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A Laboring Patient with Recent Pulmonary Embolism: Anticoagulation for the Full Term Parturient
Abstract Number: F4C-6
Abstract Type: Case Report/Case Series
Introduction: Pregnancy is a well-known risk factor for venous thromboembolism (VTE) occurring in approximately 1:1600 pregnancies and accounts for 20-30% of maternal deaths. As many parturients require anticoagulation, the Society of Obstetric Anesthesia and Perinatology (SOAP) released a statement on the anesthetic management of pregnant or postpartum women receiving anticoagulation which is based on expert consensus and published evidence. This statement recognizes the lack of literature regarding parturients who require therapeutic heparin infusions during delivery and currently recommend following PTT 4 hours after discontinuation. In our case, we discuss planning for a laboring patient requiring a heparin infusion during a vaginal delivery due to acute pulmonary embolus.
Case: Our patient is a 19yo G1P0 at 39.6 weeks with a PMH of asthma, gestational thrombocytopenia and new onset sub-segmental PE with sx of SOB and leg swelling (LE dopplers negative). Due to her gestational age, the MFM and Anesthesiology services met to determine the plan for her delivery with considerations for anticoagulation continuation, monitoring, discontinuation and contingency planning for reversal if necessary. At 40 wks GA, induction of labor was planned with a therapeutic heparin infusion. After progression to active labor, the heparin drip would be stopped, the PTT would be checked every hour with plan to place epidural when PTT no longer therapeutic. After delivery the catheter would be removed with a plan to restart heparin 4 hours later. If the patient required an emergency cesarean delivery while on heparin, general anesthesia would be necessary and the patient would be given protamine (0.5mg per 100 unit heparin) to minimize blood loss during surgery. If indicated by PTT or surgical bleeding, a second dose would be administered. Fortunately, our patient achieved active labor, the heparin was discontinued and PTT normalized within 1.5 hours, an epidural was placed and she delivered vaginally with no additional bleeding.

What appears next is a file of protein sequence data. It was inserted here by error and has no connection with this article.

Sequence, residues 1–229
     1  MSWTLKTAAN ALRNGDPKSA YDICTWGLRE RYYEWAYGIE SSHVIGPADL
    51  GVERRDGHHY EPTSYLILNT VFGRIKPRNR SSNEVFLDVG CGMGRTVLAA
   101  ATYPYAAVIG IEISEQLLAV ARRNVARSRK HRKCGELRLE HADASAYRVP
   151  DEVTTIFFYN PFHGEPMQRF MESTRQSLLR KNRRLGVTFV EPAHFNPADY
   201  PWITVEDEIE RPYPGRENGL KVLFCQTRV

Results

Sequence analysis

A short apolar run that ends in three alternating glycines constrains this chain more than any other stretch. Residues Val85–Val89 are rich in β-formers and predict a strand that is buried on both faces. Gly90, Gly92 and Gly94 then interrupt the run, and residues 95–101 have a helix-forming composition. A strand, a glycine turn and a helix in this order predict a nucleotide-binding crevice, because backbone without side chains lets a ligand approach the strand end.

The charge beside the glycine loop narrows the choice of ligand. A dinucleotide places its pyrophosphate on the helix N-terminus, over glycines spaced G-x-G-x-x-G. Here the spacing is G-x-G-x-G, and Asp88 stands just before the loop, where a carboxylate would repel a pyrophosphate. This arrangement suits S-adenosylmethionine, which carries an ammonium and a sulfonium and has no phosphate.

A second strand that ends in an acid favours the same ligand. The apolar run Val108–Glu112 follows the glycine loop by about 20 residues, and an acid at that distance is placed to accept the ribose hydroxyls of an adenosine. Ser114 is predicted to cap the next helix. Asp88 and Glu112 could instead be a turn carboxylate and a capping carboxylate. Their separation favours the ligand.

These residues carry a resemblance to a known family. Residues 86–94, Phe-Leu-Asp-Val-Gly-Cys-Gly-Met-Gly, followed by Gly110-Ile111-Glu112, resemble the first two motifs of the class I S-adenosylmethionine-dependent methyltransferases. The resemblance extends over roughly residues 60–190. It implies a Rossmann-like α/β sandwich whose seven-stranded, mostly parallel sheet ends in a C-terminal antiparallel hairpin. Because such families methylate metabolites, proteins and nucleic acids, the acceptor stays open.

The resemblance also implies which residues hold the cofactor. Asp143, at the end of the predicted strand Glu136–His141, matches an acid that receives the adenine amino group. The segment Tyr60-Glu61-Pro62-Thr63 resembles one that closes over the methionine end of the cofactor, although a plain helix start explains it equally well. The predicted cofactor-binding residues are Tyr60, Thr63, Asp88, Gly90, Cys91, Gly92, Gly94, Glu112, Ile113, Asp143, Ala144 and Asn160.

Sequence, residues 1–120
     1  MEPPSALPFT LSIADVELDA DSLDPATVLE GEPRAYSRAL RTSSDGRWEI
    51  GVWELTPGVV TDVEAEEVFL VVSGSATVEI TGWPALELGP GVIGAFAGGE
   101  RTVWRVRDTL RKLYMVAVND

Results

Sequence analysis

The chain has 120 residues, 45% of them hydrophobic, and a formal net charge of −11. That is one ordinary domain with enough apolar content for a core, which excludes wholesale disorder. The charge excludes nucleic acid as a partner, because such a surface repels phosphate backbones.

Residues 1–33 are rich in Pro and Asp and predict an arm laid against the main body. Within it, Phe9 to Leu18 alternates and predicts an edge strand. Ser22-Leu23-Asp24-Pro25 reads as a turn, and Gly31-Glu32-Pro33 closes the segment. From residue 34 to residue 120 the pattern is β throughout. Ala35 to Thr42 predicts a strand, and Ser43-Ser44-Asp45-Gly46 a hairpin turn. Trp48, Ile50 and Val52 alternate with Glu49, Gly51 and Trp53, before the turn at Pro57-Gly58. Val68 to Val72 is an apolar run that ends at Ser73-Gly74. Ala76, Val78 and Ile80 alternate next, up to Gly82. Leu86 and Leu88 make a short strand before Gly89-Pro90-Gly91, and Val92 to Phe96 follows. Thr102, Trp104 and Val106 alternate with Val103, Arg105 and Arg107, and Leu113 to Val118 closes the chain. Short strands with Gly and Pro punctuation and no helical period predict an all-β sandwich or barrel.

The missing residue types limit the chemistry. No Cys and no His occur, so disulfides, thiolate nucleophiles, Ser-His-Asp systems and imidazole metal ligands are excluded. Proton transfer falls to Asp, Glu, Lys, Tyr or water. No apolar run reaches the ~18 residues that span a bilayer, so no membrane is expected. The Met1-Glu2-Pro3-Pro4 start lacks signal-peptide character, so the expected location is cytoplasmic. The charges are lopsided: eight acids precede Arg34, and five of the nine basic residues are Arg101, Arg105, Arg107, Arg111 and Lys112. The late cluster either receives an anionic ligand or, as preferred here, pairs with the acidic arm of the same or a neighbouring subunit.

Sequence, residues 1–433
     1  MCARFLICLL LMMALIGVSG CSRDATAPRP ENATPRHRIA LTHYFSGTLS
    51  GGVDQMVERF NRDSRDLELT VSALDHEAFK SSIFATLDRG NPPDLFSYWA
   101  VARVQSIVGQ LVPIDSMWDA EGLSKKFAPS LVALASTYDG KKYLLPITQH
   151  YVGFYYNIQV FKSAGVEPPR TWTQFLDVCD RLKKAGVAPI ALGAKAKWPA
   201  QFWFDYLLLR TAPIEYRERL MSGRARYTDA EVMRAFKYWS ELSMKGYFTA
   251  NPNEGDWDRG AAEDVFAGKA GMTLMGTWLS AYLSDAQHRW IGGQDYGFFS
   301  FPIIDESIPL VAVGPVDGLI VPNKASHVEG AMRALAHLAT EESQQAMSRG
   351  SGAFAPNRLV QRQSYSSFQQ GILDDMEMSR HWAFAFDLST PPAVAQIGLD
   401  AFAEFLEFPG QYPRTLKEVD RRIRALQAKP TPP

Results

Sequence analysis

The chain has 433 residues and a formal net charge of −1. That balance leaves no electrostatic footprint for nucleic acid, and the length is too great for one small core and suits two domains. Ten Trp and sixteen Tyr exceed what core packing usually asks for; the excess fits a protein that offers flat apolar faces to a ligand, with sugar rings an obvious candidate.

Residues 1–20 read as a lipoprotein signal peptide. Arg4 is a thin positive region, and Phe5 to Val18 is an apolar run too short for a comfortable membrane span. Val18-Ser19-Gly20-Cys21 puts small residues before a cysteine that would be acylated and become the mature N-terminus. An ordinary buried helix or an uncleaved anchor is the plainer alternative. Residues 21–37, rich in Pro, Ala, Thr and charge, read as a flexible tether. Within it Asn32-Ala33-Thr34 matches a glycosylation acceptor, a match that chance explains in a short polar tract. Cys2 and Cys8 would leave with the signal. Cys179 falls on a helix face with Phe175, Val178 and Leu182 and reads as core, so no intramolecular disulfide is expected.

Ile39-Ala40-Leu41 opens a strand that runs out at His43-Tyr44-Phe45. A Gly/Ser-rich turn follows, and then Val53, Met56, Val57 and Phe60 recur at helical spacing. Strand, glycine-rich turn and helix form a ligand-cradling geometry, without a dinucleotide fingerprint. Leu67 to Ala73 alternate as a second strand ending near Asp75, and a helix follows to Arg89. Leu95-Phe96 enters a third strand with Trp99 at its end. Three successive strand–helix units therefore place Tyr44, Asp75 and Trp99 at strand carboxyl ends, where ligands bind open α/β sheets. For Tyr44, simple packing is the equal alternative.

Discussion: This case report is a unique example of how to provide anticoagulation to a full term parturient with an acute pulmonary embolism. The SOAP consensus statement provides guidelines for thromboprophylaxis however limited case reports are available addressing this unique clinical scenario. Although guidelines recommend checking PTT 4 hours after stopping heparin drip, the PTT may decrease to sub-therapeutic levels much faster in pregnant patients due to increased GFR; allowing epidural placement much sooner. Our patient’s PTT normalized with 2 hours. Coordination of anticoagulation with administration of anesthetics must be well planned and discussed to provide safety and comfort to this patient population.
James, A. (2011)Obstetrics and Gynecology, 118(3), 718-29.
Leffert,L., Butwick, A., et al. (2017). Anesthesia and Analgesia, 01 November 2017.